You’re slowing down as you approach a busy intersection when — thumpyou get rear-ended by a minivan. Or you swerve a tiny bit to the left to avoid hitting a raccoon in the road and scrape bumpers with an oncoming car. You and the other driver have both moved your cars out of the way of traffic, but now what?

Whether you’re involved in a minor fender-bender or a serious crash, knowing what to do after a car accident can reduce the risk of injury or death and make it easier to file an insurance claim, according to the Insurance Information Institute. Become familiar with the following common mistakes and learn how to avoid them now. That way, if you ever do have a wreck, you’ll be able to do the right thing even if you’re shaken up.

Mistake #1: Failing to document the incident

If you don’t, it could become your word against the other driver’s. Keep a notepad and pen or pencil in your glove compartment at all times. Write down where the accident occurred, the time of day, road conditions and exactly what happened. You could also use the “Notes” or another memo app on your phone.

You should also take photos of any damage to both cars. Snap a shot of the other driver’s license as well. If you don’t have a phone with a camera, tuck a disposable one in the glove compartment. Robert Sinclair, Jr., manager of media relations for AAA NewYork, suggests installing a dashboard camera. “It’s a good way to protect yourself against scammers who might back into your car and then claim you rear-ended them,” he explains.

Related: Road Trip Checklist for Your Car

Mistake #2: Not getting enough info from the other driver

Even if no one got hurt and there’s no visible damage to either vehicle, you should still exchange phone numbers and other important details with the other driver. Why? Because you don’t know what may lie ahead. Maybe your mechanic will discover you’ve bent the control arm or damaged an axle. If you don’t have the other driver’s info, your insurer could refuse to cover the entire repair. Here’s what to write down after an auto accident:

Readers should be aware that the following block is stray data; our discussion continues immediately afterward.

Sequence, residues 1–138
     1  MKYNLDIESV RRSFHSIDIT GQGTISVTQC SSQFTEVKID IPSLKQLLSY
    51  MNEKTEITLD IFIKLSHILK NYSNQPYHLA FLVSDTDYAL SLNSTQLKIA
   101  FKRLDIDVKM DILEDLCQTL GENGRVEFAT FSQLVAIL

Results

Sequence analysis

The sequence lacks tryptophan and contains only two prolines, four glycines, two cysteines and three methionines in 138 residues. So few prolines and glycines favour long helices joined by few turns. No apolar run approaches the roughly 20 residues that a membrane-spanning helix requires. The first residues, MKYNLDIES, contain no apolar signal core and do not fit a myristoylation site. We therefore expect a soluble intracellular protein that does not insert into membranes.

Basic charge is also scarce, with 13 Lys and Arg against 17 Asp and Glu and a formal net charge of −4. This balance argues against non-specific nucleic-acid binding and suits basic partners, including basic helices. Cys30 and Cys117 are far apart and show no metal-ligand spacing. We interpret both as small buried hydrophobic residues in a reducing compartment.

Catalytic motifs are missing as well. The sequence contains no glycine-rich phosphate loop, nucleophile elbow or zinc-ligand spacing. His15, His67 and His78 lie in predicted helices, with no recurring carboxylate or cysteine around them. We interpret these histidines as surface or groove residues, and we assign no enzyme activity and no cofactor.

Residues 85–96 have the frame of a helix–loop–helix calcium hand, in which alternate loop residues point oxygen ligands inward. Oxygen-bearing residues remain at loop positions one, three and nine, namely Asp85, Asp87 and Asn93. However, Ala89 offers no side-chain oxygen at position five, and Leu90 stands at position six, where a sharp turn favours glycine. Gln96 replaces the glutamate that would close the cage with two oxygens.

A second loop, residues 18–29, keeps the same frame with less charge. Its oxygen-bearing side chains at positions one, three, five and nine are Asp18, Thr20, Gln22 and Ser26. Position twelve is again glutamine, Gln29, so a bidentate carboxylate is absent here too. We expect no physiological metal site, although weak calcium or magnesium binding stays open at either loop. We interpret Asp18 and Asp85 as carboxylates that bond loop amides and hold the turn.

• The other driver’s name, address and phone number
  • Driver’s insurance info (company and policy number)
  • Driver’s VIN (Vehicle Identification Number)

Mistake #3: Not notifying the police

If it’s really just a bump and no one is hurt you may not have to call 911. Only do this if you’re absolutely positive there’ve been no injuries or car damage, though. Leaving the scene of a car accident without calling the authorities could land you in serious trouble. In California, for example, you could be charged with a hit-and-run. For the regulations in your state, go to the Department of Motor Vehicle's website. Do file an incident report at your local precinct; your insurer may require it.

Mistake #4: Saying the accident was your fault

Even if you know you were blinded by the sun or (yikes!) you were talking on your cell phone or fiddling with the radio, say nothing. Don’t even say, “I’m sorry.” Limit your conversation with the other driver to a polite exchange of information. (Of course, tell the police, your insurer — and your lawyer — what happened.) And do notify your insurer immediately.

Related: Staying Alive: How to Cut Your Risk of Dying in a Car Accident

Mistake #5: Ignoring possible injuries

You might feel fine at the scene of the accident. But if later you develop a headache or neck or back pain or anything that could possibly be related to the crash, check in with your doctor. If those aches become chronic or severe, you could need a record that you sought medical attention.

Mistake #6: Skipping any of these steps if no one else was involved

Suppose you hit a patch of black ice and skid off the road into the guardrail or a tree. You’re not hurt and the damage to your bumper seems relatively minor. You still should treat the incident as an accident, says Sinclair, and report it to the police. You may feel foolish, but think how you’ll feel if you later face a big repair or medical problem and have no record. 

Toni Gerber Hope, formerly the health director at “Good Housekeeping,” writes about women’s health and nutrition.